Sunday State of Mind: October 17th-October 23rd

Another week where sports just unmercifully punched us in the face…and we liked it. Let’s review the pounding with prose in this week’s SSM.

Your NL pennant winners, those pesky Fightin’ Phils!
Took the Padres out, this team is full of thrills
Harper, Schwarber, Wheeler, the list goes on and on
If they play the Astros, series won’t be a yawn

Something rare happened this week, an NFL trade
Niners’ Christian McCaffrey, Frisco not afraid
Made his debut today, got a few plays in
Chiefs came to The Bay however, got themselves the win

Speaking of the Panthers, took it to the Bucs?
Hard to say but it seems like Tampa Bay just sucks
Lot of season left for TB and the boys
Don’t be shocked if they come back and make postseason noise

The NBA is back, first games have come and gone
Just another sport this time of year loves to add on
Some early surprises, Sixers and the Lakers blank
The Jazz keep winning even though they’re clearly trying to tank

Sunday State of Mind: October 10th-October 16th

This week in sports has been absolutely banana sandwich. SSM is here to relive it all.

Alabama/Tennessee, singing Rocky Top
Volunteer offense was rolling, and refused to stop
Hendon Hooker and the boys put up 52
Bama defense, usually good, but last night they blew

Playoff baseball heating up, and upsets galore
Dodgers out, Braves out, who surprised you more?
NLCS matchup of the Padres and the Phillies
Yes you read that matchup right, no not joking, really

Over in the AL, Astros wrecked the M’s
A 3-0 series sweep, Houston played a gem
Guardians and Yankees play to see who gets the ‘stros
Yankees ahead at time of writing, can the bombers close?

We have to ask the question: are the Jets for real?
Went on the road and got a dub down at Lambeau Field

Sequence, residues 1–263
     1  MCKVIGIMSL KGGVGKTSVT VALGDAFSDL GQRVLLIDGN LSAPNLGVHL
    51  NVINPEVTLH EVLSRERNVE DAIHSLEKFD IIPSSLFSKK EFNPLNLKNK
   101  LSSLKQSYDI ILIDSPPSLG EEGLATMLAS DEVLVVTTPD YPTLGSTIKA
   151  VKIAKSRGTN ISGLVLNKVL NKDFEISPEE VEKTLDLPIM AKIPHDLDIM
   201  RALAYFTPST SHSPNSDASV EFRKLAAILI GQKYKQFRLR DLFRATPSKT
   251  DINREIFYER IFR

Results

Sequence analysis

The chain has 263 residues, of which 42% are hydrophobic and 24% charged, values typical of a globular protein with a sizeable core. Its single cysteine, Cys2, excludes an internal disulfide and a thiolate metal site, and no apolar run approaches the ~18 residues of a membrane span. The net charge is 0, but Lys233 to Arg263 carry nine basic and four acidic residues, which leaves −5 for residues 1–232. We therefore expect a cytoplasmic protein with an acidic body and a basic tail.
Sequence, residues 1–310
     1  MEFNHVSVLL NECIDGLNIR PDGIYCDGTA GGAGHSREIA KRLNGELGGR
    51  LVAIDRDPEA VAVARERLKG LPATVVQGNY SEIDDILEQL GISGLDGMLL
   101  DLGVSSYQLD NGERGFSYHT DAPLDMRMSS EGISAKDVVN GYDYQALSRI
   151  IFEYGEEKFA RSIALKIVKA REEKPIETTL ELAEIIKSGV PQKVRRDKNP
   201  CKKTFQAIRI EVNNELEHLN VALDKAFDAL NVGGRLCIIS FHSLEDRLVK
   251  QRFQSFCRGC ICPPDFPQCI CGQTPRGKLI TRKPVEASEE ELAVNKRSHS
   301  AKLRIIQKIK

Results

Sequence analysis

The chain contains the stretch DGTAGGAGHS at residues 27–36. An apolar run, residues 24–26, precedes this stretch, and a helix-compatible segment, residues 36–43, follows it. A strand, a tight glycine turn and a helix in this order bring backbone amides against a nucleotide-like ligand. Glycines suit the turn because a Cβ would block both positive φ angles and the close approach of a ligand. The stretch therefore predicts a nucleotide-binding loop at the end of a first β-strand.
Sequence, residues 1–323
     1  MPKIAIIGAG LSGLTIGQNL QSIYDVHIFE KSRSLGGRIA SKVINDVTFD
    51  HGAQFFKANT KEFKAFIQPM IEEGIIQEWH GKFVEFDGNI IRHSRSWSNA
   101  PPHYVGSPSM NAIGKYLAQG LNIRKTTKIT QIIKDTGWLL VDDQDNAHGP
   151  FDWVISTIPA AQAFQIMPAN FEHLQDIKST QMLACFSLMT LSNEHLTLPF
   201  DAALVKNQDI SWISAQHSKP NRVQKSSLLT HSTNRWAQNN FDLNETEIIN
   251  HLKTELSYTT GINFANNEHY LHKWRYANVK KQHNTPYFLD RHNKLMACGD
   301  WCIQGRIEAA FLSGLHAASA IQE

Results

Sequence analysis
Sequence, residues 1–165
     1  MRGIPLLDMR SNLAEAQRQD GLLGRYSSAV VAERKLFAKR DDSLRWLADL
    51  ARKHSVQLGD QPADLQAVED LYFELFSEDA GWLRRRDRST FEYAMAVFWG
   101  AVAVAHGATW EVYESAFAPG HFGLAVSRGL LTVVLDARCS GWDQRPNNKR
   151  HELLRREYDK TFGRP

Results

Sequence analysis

Impressive for a young team, tough place to play for sure
And against Aaron Rodgers, a win they procure

Sunday State of Mind: October 3rd-October 9th

There’s a fall chill in the air, which means playoff baseball and midseason football. All of that and more in this week’s SSM.

A big win out in London, New York beat Green Bay
The New York Football Giants, feeling some type of way
Starting the season 4-1, football’s biggest surprise
Lamar Jackson comes in next week, they may just get baptized

Speaking of baptisms, Jets dunked on the ‘Fins
Miami started 3-1, left with the same amount of wins
Jets have won two straight, sit a game behind the Bills
New York’s cold dead football hearts may be getting filled

Even without their quarterback, ‘bama is the best
Beat Texas A&M, could probably beat the rest
Of the country’s teams, Saban is just that good
The best to ever do it, that is understood

A team worthy of mention, your Kansas Jayhawks
Dream start to the season, some undefeated talks
Hung tough with TCU, but just fell short by seven
Even with a loss, Kansas football fans in heaven

As mentioned in our opening, playoff baseball is here
MLB Wild Card weekend, get your hot dogs and beer
Three game sets were over quick, Cleveland Seattle Philly
Having so much sports at once is absolutely silly

Friday Dump: Juan Soto in San Diego

Photo: ABC30

So, you wanted to mortgage your organization’s future, huh?

Since being traded from the Nationals a month and half ago, Juan Soto’s time in San Diego has been…bad.

No other way to say it. The Padres gave up five players, including major league talent, to acquire Soto. The deal seemed to make sense contractually at the time, as he won’t be a free agent until after the 2024 season. But if things don’t get better in a hurry, it’s going to be a short two years in San Diego that might seem like a lot longer than that.

Just for some context here, Brandon Marsh, a career .247/.301/.370 guy is outperforming Soto in almost every way:

That’s pretty damning…especially the height.

Soto’s only gone deep three times, knocked in seven runs, and lead the Padres to a 18-19 record since the trade.

Don’t want to dump on the guy too much, but one more example of what a dumpster fire this trade has been:

Oof.

I’m sure this eventually will work out and Soto will get back to his old ways. There’s not a chance this will keep going on he’ll regret turning down a 15-year, $400M contract, right?

Nah, no shot.

Sunday State of Mind: August 8th-August 14th

The weekend and summer are winding down…take a breath and enjoy this week’s SSM.

Fernando Tatis Jr., will he ever play again
Almost back from injury, coming out of the den
PEDs and injuries, all self inflicted
Eighty game suspension, the shortstop’s been evicted

NFL preseason’s here, football is so back
America’s favorite sport, just as good as a snack
Always a welcome sight to see the helmets and the pads
Sundays are now booked, watching all the lads

It’s getting really ugly with the Brooklyn Nets
Acquiring KD and Kyrie, maybe some regrets
KD’s getting antsy, wants changes at the top
Something has to change, or this will never stop

Sunday State of Mind: August 1st-August 7th

Photo: Art Station

Settle into your Sunday with our latest edition of SSM.